Title: Legend of Suheldev – The King who saved India
“Darkness does not win because it is strong. It wins because the lamps stop fighting.”
I just finished reading Amish’s new book that falls in the genre of historical fiction, a different trail from his previous works on mythological fiction. An interesting fact to note about the book is that it is not solely written by Amish, but is the work of his group of writers from The Immortal Writers’ Centre, as mentioned on the cover. From the foreword we know the idea of the book is Amish’s and the writers work on research and creation of the first draft. And as you read you will find the essence is similar to all his other works since the final verdict is of Amish’s.
The first chapter of this fictional-story-based-on-true-events takes us back to the year 1025 AD, when the independent Turkic ruler Mahmud of Ghazni invaded Gujarat. His army raided the sacred Somnath temple and demolished the Jyotirlinga, thus breaking the spirit of the Hindu devotees. As we delve into further chapters, we see instances when some kingdoms try to defend the ruthless Turkish army but in vain. We read pages after pages of the horrendous acts the barbaric Turks commit against Indian people and their land. Amidst the chaos, the prince of Sharvasti gradually transforms into the warrior. Suheldev leaves no stone unturned in his attempt to unite all the kingdoms and looking beyond religion, caste and geography to fight the ruthless Turks in the epic Battle of Bahraich.
What I really like about this book is it delivers to us the tale of an unsung hero. The saga of a fearless warrior about whom very few have heard before. Maybe it hasn’t had the impact like the stories of other warriors, but it certainly felt important enough to be written as a book.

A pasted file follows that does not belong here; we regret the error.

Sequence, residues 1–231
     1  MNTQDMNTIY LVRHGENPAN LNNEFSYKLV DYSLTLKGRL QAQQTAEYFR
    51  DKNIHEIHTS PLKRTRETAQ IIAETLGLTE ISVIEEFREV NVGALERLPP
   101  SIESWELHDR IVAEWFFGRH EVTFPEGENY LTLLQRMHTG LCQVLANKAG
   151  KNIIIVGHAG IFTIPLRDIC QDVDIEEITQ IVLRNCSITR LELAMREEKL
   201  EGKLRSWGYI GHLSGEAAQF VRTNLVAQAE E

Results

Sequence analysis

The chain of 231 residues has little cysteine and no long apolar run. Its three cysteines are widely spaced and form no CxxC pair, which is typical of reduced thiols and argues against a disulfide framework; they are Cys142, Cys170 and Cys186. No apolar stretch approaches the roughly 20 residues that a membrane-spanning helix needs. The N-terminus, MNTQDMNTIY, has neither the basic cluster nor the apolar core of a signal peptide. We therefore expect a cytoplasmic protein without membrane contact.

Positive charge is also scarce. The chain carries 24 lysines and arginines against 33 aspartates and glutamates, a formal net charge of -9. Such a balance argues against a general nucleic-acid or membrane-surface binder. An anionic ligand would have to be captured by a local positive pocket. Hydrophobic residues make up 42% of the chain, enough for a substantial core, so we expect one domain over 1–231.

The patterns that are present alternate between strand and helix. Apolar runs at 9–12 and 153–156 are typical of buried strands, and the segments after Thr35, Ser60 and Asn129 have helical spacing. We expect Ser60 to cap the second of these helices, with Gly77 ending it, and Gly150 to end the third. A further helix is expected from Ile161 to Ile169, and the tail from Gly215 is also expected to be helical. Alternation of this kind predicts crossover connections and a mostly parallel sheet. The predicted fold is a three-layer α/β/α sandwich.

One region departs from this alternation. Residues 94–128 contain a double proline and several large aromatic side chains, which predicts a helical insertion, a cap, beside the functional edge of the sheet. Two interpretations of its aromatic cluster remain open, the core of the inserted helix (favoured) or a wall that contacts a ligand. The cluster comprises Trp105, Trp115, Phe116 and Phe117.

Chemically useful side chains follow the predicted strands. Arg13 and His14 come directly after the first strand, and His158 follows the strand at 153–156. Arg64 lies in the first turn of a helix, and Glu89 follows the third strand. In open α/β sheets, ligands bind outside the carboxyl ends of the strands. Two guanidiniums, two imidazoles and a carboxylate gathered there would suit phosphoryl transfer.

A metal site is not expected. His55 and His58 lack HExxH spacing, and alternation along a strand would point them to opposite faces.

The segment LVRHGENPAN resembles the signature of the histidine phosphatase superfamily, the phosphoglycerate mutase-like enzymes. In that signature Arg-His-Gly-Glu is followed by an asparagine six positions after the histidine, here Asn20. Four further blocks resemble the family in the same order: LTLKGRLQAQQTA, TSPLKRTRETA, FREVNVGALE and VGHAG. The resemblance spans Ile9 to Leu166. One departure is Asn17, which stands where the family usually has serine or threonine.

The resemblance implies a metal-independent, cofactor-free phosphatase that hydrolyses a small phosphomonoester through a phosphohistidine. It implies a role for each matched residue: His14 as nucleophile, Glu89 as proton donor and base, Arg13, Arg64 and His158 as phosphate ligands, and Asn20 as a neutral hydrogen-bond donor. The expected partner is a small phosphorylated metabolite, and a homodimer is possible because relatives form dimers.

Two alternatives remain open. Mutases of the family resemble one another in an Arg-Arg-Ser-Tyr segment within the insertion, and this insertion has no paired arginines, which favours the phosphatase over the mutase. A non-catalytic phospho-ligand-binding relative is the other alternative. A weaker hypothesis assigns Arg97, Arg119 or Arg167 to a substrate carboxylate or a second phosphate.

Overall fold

The readers who have read the previous books will see his flavor. The writing style is easy, simple, the pace being medium but for me the impact wasn’t huge. This book failed to match up to the standards of Amish and unarguably lacked the magic The Immortals of Meluha had created. The expectations were to have a similar or greater appeal. The construction of the characters was quite underdeveloped. The depth in the characterization of the protagonist Suheldev, his companion Abdul and the antagonist Maqsud was missing. Also, the book was not heavy on action. I did certainly anticipate more intricate details of the battlefield. It failed to bring out the sentiments of anguish, thrill and ultimate sense of victory.
I would recommend this book to all the readers so that the struggles of the legendary King Suheldev resound once again on the Indian land which he once united.
“ahimsa parmo dharma. That non-violence is the greatest dharma. But they also say dharma hinsa thathaiv cha.’ Violence that protects dharma is justified.”